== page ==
Heat Pump – How Does It Work?
The simple definition of a heat pump is a device that uses very little energy to move heat from one location to a different one. Typically, heat pumps are used to pull heat out of the ground or the air in order to heat a home, office or a building. They can also be reversed to cool the house, office or building. They operate similarly as an air conditioner.
If you have a heat pump, you will have more benefits than a person who has an air conditioner. With a heat pump, there will be no need to install separate systems for heating and cooling your home as it is with a standard heating, ventilating and air conditioning system. It has the ability to heat and cool your room without need of separate systems.
Since a heat pump works by simply transferring heat rather than burning fuel to create the heat, it works so efficiently. This makes it greener compared to a gas burning furnace since there are no harmful substances emitted into the atmosphere. It will also help you save a little money every month.
During the cooling mode of the heat pump, heat that is generated inside your house from the sun that shines through the windows and onto the walls and roof as well as heat from appliances and your body is transferred outside the house by the heat pump. At the beginning of the heat transfer cycle, the refrigerant is usually in a very cold liquid form.
The cold refrigerant enters the evaporator coil that is located inside your house. The hot air inside your house is then moved over the coil where it starts to lose its heat and then cools down. After absorbing heat, the refrigerant leaves the evaporator coil and becomes gas. Just like water being heated on a stove evaporates and becomes steam, the refrigerant gas evaporates when it absorbs all the heat that was in the house.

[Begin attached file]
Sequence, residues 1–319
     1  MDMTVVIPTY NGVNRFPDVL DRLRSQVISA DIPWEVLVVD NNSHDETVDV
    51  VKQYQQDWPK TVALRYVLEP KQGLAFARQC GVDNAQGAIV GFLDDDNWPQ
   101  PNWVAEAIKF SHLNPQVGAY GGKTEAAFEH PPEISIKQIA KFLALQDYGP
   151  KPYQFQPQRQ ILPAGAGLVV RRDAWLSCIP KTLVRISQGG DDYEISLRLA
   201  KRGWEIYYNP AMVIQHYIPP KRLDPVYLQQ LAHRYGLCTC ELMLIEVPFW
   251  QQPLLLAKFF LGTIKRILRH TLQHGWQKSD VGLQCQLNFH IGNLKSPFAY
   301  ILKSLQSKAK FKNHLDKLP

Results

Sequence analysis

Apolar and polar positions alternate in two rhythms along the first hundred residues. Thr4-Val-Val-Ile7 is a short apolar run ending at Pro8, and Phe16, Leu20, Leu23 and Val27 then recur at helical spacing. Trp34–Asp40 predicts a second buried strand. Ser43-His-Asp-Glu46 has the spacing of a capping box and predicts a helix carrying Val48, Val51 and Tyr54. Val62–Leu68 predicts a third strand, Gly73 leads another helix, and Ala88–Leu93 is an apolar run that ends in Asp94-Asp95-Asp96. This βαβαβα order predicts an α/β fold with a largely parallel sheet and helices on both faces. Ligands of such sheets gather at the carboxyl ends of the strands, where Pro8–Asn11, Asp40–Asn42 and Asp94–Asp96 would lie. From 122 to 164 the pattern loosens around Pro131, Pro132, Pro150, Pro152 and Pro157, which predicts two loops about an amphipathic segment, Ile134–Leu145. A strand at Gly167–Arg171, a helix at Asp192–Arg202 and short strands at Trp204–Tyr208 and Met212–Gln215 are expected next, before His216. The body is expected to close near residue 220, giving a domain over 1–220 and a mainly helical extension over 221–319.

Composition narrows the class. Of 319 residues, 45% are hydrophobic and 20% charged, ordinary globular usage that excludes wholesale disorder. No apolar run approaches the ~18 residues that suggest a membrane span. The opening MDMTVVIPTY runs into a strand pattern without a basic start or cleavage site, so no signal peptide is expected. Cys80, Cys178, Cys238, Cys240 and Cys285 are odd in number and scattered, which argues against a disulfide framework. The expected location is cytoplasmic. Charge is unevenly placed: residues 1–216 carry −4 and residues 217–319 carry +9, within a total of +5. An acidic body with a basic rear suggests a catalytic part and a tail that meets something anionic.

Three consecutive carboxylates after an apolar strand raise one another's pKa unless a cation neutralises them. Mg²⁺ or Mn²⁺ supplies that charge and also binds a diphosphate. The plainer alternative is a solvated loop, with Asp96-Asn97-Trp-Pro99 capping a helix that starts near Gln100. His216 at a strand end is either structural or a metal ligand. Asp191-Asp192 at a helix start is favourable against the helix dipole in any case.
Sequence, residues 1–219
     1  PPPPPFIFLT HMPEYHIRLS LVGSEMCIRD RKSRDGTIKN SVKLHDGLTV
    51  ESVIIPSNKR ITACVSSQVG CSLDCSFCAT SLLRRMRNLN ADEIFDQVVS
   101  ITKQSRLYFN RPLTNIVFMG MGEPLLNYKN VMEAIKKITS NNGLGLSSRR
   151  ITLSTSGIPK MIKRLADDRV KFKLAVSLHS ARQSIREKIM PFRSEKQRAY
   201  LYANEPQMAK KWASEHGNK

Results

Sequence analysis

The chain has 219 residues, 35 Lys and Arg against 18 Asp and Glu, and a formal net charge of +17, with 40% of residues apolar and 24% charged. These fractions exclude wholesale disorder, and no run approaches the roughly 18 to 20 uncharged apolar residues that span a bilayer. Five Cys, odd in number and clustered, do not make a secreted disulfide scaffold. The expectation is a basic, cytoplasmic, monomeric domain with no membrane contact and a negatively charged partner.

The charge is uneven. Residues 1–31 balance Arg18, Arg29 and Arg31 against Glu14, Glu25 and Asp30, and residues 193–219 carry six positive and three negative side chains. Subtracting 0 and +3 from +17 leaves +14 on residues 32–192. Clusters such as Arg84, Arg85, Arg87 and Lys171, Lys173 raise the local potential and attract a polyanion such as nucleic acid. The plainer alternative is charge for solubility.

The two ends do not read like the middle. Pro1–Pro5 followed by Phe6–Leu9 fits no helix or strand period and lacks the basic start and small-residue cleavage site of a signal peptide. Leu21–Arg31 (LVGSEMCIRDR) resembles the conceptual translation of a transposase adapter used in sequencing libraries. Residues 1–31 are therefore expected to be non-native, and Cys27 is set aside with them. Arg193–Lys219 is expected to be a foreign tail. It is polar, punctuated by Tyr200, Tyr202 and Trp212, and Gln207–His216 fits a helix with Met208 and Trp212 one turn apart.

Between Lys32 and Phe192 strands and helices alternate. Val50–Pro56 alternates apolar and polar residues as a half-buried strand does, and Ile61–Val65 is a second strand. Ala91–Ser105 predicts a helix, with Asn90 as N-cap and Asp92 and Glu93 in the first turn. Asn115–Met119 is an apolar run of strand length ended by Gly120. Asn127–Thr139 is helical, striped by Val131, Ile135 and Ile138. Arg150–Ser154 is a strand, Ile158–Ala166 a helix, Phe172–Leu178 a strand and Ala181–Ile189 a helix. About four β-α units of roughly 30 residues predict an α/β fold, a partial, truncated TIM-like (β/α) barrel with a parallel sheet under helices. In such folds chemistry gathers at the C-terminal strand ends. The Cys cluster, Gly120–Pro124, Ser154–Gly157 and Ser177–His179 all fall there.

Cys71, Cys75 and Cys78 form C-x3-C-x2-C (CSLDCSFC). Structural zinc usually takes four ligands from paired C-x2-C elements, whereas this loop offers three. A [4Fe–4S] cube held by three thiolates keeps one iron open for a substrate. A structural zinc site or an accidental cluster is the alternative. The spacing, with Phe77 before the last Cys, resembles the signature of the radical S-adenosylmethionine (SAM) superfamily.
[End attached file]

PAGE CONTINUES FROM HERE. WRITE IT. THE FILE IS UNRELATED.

The refrigerant then enters the compressor where the gas is mechanically pressurized. The process causes the temperature of the gas to increase and as a result, the refrigerant leaves the compressor as hot gas. After that the refrigerant moves to the condenser coil that is located outside the house. Since the temperature outside the house is lower compared to the temperature of the hot gas, the heat is transferred from the refrigerant in the coil to the outside air. A liquid condensate will form as the temperature of the refrigerant cools.
The refrigerant leaves the outdoor condenser coil as warm liquid. This liquid has to be converted into cold form to enable it to absorb more heat. For that reason, it is taken to a metering device that puts pressure on it and as a result, its temperature drops. The refrigerant leaves the metering device in a cold form, and the whole cooling cycle is repeated.
During heating mode, what basically happens is that the reversing valve reverses the cycle and removes heat from outside of the house to the indoors. Air conditioners do not have a reversing valve.